YOU poor girl’ was the first thought to cross Natalie Yurek’s mind when she discovered the Duchess of Cambridge was suffering the same severe form of morning sickness she had endured.

The 33-year-old mum-of two, from Colne, knows exactly how Kate will be feeling today.

“Think of the symptoms of flu and then multiply it tenfold and you have some idea of what it’s like,” she said.

“Every time you move you vomit, every time you have a sip of water you vomit and, on top of that, you feel like you have been hit by a truck.”

Like Kate, Natalie, of Blascomay Square, was diagnosed with hyperemesis gravidarum (HG) just six weeks into her first pregnancy and spent three days in hospital hooked up to a drip.

“I had only just found out I was pregnant and one morning I felt so ill I couldn’t get out of bed; my husband Jonathon somehow got me to the doctor’s but I kept passing out.

“They were very worried about my condition at the surgery and the next thing I knew I was in an ambulance being rushed to hospital. I was given fluids and my blood pressure was monitored constantly.”

Now the proud mum of five-year-old Aidan and Melody, who is two next week, Natalie added: “I remember that the slightest movement hurt me and made me nauseous.

“I was severely dehydrated and my head ached constantly.

“I am just so glad that I didn’t suffer the symptoms for too long, although when I came out of hospital I still felt very ill and weak.

“I was advised to take it easy and my doctor signed me off work for three months, until I had fully recovered.”

Now an admin assistant at Burnley General, Natalie said: “I have been watching the news about Kate and I feel very sympathetic.

“I know exactly how she is feeling. It’s truly horrible.”

Telegraph medical expert Dr Tom Smith also has every sympathy for the Duchess. An extremely rare condition, he said he had only seen three of four cases of HG during his long career.

It is also believed that novelist Charlotte Bronte died from the condition at Haworth Parsonage, in the days before medical advances.

“It is an extreme form of morning sickness and an awful thing, yet we don’t really know what causes it, although hormonal imbalances have been suggested,” said Dr Tom.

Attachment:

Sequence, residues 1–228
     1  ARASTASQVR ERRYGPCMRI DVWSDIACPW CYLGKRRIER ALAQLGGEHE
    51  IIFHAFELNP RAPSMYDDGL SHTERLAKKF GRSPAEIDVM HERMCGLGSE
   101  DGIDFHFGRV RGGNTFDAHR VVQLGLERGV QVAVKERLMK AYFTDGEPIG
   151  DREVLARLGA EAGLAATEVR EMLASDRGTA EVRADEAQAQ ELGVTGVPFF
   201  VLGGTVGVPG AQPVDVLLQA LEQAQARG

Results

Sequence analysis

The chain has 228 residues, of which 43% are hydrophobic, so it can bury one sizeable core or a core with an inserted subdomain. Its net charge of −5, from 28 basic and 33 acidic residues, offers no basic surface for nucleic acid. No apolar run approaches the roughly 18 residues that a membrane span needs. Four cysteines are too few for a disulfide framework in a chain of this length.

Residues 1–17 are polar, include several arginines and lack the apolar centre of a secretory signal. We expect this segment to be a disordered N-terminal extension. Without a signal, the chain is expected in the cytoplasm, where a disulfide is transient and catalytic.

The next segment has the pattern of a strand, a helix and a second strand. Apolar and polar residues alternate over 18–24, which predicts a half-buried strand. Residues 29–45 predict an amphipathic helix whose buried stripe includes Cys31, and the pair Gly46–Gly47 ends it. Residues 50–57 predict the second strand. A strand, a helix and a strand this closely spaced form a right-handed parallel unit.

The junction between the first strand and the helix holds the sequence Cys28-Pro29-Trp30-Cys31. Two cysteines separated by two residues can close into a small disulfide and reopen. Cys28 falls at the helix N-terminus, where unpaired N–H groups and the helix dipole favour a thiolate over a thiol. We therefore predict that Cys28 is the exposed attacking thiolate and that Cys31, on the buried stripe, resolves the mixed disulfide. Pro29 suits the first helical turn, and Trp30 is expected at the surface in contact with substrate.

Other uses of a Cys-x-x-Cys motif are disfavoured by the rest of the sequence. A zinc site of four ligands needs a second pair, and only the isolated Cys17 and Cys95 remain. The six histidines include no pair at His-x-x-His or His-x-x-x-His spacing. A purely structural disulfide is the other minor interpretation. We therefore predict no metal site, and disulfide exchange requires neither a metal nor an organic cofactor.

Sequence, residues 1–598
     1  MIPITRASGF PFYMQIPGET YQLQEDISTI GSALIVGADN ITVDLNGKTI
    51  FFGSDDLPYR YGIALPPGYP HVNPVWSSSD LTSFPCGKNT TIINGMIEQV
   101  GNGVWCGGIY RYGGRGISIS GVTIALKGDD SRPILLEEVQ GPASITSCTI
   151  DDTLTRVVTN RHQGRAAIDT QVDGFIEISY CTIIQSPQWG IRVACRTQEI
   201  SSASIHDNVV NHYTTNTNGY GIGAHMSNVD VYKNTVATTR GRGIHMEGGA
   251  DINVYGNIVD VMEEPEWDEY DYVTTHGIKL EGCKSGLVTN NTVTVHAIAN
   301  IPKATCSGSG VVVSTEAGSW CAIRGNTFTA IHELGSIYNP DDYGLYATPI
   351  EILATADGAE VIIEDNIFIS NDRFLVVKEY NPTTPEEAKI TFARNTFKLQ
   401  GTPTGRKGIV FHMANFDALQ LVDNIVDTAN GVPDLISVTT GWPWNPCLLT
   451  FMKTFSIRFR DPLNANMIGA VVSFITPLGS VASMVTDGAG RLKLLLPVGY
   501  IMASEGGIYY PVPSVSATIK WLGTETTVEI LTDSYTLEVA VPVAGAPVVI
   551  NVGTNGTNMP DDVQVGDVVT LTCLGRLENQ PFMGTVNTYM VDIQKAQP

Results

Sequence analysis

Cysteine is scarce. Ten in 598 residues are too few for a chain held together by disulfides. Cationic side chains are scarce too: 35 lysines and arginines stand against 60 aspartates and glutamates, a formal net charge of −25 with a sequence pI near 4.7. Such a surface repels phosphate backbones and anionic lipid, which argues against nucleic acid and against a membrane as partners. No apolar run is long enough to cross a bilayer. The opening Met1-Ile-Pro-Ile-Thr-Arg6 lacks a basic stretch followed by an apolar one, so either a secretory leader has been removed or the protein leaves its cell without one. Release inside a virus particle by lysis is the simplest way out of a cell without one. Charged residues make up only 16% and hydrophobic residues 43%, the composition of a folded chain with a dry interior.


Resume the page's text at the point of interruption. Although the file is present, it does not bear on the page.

“Kate will be feeling very sick all the time and will become badly dehydrated.

“While she will need to be given fluids intravenously, the problem doctors will have is what drugs they can give her to stop the sickness, without harming the baby.

“We all remember Thalidomide, for instance, that was given to many woman suffering all forms of morning sickness in the Sixties and the terrible side effects that had.

“The vital thing at the moment is that if Kate is less than 12 week’s pregnant, her baby’s organs will still be developing and you can’t really consider giving any drugs because they could cause some damage.

“Once she has passed the 12 week mark, the doctors will be able to help alleviate the feeling of nausea with prescribed medication.”

Dr Tom added: “It is a terrible illness and can last a number of weeks, so it may be that Kate will be staying in hospital for some time.”

Dr. Rineke Schram, consultant obstetrician and medical director at East Lancashire Hospitals NHS Trust, said: “Some pregnant women experience severe nausea and vomiting, which usually settles after 12 weeks, but sometimes continues throughout pregnancy.

“This condition is known as hyperemesis gravidarum and is a severe form of nausea and vomiting in pregnancy.

“It requires specialist treatment and is very different to the more common nausea and vomiting known as morning sickness.

“Fortunately, most women recover quickly from this condition.”